Some answers to the complex poverty question?

Here’s a great article in the New York Times which reviews a book, “Why Nations Fail,” written by Daron Acemoglu, a Turkish M.I.T. professor, who is on a serious rise to fame in his career as an economist.

Why is this so interesting? Two reasons:

  • He tries to answer the most important question of his profession which is: “Why are some countries rich while others are poor?”
  • It brings home for me the reasons the importance of the work Landesa is doing: helping to secure land rights for the world’s poor.

Acemoglu’s book, which he co-wrote with James Robinson, challenges “that the wealth of a country is most closely correlated with the degree to which the average person shares in the overall growth of its economy.” The NYT author, Adam Davidson, goes on to explain Acemoglu’s thesis so well:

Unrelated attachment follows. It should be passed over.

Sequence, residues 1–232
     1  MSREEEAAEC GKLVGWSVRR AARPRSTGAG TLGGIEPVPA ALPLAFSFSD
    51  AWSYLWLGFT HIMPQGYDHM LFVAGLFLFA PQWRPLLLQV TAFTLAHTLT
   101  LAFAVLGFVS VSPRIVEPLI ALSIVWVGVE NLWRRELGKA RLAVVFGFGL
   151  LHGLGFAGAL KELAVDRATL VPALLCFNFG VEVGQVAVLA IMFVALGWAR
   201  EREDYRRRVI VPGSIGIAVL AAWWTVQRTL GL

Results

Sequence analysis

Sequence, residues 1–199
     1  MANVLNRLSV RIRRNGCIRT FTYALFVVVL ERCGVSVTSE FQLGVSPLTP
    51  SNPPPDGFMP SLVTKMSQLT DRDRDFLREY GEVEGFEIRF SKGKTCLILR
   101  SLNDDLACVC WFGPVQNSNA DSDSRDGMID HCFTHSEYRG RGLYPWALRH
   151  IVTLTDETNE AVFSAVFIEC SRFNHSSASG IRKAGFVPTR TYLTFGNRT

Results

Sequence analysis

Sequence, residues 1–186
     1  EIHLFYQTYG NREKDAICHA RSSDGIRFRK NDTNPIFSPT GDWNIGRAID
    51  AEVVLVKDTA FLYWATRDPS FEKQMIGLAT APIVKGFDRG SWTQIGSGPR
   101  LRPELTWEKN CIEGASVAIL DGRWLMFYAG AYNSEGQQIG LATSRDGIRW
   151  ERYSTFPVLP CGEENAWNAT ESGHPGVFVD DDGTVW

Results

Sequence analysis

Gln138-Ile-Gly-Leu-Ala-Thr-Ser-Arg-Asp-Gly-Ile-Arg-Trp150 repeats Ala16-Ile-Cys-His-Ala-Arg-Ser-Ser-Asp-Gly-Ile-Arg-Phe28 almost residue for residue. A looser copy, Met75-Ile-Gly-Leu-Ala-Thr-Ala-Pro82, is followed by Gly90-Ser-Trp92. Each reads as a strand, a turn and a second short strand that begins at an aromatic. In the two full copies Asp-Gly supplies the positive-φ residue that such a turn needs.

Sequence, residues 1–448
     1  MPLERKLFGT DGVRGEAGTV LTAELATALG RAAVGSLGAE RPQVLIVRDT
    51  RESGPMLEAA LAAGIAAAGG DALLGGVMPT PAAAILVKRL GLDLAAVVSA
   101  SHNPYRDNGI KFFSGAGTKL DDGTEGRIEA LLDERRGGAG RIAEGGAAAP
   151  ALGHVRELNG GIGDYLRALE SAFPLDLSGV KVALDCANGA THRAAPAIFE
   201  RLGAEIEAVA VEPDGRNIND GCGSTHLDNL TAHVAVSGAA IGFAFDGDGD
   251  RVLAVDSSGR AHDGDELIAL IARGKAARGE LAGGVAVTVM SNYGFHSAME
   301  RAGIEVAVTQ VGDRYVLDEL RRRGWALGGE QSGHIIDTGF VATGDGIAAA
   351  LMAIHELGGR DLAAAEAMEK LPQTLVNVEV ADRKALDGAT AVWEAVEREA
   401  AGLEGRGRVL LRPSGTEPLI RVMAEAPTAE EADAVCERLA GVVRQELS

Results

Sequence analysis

“When a nation’s institutions prevent the poor from profiting from their work, no amount of disease eradication, good economic advice or foreign aid seems to help.” And I might add, any other private philanthropic efforts may possibly be wasted.

Davidson, cited a perfect example from Alcemoglu’s book: farmers “lack incentive to improve their yield because any surplus is taken by the wealthy elite.” However, 40 years of research by Landesa has shown that if farmers are given property rights, they are more likely to invest in the land to attain the greatest possible yield.

My favorite paragraph of the article:

“…the true value of a nation is its people. If national institutions give even their poorest and least educated citizens some shot at improving their own lives-through property rights, a reliable judicial system or access to markets- those citizens will do what it takes to make themselves and their country richer.”

Time to read Adam Smith’s “Wealth of Nations”!

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